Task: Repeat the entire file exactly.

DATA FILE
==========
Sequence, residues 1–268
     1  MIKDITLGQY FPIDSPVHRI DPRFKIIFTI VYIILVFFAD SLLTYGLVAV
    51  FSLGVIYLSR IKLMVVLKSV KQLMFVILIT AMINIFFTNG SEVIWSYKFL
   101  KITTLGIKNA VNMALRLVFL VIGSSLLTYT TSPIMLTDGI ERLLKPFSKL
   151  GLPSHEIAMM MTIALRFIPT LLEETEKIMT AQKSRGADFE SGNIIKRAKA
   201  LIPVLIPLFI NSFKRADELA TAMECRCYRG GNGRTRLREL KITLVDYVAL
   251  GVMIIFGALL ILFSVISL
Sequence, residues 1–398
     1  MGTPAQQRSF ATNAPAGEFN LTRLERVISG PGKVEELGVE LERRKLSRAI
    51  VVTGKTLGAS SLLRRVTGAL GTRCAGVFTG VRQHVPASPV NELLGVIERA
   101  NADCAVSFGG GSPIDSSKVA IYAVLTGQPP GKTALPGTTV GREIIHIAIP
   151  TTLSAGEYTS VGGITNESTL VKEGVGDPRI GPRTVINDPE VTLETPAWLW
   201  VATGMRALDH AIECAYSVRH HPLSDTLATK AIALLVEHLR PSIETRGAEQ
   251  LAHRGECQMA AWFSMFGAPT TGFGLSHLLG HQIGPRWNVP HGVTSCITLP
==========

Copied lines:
Sequence, residues 1–268
     1  MIKDITLGQY FPIDSPVHRI DPRFKIIFTI VYIILVFFAD SLLTYGLVAV
    51  FSLGVIYLSR IKLMVVLKSV KQLMFVILIT AMINIFFTNG SEVIWSYKFL
   101  KITTLGIKNA VNMALRLVFL VIGSSLLTYT TSPIMLTDGI ERLLKPFSKL
   151  GLPSHEIAMM MTIALRFIPT LLEETEKIMT AQKSRGADFE SGNIIKRAKA
   201  LIPVLIPLFI NSFKRADELA TAMECRCYRG GNGRTRLREL KITLVDYVAL
   251  GVMIIFGALL ILFSVISL
Sequence, residues 1–398
     1  MGTPAQQRSF ATNAPAGEFN LTRLERVISG PGKVEELGVE LERRKLSRAI
    51  VVTGKTLGAS SLLRRVTGAL GTRCAGVFTG VRQHVPASPV NELLGVIERA
   101  NADCAVSFGG GSPIDSSKVA IYAVLTGQPP GKTALPGTTV GREIIHIAIP
   151  TTLSAGEYTS VGGITNESTL VKEGVGDPRI GPRTVINDPE VTLETPAWLW
   201  VATGMRALDH AIECAYSVRH HPLSDTLATK AIALLVEHLR PSIETRGAEQ
   251  LAHRGECQMA AWFSMFGAPT TGFGLSHLLG HQIGPRWNVP HGVTSCITLP